Wednesday, December 19, 2007

On Cinema

I saw two great movies last week: I'm Not There and No Country For Old Men. The first is the fictionalization of Bob Dylan's life from the time of his emergence to his motorcycle crash in 1966. Dylan is portrayed by six different characters, none of whom actually go by Dylan's name. The best moments are provided by Cate Blanchett - she captures all of Dylan's posturing, nervousness, deceit and brilliance - and by Jim James and Calexico's rendition of Going to Acapulco. The rest of the movie is merely great.

No Country For Old Men is something different entirely. I did not enjoy a minute of it. I cannot wait to see it again. The brothers Coen have not made their best movie, but they have set a recent standard for faithful adaptation of a novel and for unremitting tension. If you want to get a sense of what happens when a man takes on a task and a landscape bigger then himself, unaware of its danger and sure of his ability, watch this movie and consider how ignoble and plain is the protagonist's end.

That shall likely be it until the New Year, so best of the season to my three readers.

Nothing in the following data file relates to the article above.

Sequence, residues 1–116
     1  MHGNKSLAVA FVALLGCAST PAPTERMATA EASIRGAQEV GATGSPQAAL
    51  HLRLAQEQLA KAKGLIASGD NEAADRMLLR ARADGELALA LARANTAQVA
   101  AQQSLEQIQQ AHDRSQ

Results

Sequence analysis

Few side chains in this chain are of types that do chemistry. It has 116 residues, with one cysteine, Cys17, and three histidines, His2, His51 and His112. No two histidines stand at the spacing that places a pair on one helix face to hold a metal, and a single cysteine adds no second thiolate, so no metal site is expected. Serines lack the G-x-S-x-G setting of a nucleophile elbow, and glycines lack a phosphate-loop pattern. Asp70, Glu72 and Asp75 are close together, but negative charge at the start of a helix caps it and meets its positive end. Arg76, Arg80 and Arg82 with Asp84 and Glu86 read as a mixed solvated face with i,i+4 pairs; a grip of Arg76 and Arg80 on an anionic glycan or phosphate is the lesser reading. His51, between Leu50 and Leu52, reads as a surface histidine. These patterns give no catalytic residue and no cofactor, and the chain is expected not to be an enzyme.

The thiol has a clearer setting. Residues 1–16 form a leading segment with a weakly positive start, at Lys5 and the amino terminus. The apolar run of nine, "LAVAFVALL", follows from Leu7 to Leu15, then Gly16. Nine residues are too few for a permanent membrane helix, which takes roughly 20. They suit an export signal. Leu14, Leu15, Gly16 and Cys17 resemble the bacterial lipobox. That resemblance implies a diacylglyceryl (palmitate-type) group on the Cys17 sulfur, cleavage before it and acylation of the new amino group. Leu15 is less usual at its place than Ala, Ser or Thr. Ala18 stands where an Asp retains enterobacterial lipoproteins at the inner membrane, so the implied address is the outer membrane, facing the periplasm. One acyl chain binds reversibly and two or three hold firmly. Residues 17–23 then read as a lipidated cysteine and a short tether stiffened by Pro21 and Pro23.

Thursday, December 06, 2007

Romney goes half way

Here are excerpts from Mitt Romney's speech tonight. They include nothing on how he justified belonging to and proselytizing for an officially racist organization. I guess he's saving that explanation for the full speech.

If you think I am being hard on Romney, you're wrong. Any man who follows a religion which believed just thirty years ago that blacks lacked souls and denied them the sacrements should be made to explain if he was at least uncomfortable with this doctrine. If his response was that it took a "revelation" to church elders to correct his view, then you have to wonder whether he'll look to similar revelations when he's in the White House.

There should be, of course, no religious test for the presidency. But we should be willing to expect a candidate to explain his adherence to a racist doctrine, just as he should be made to explain whether he believes the commandements of elders in his church take precedence over the US constitution and its laws.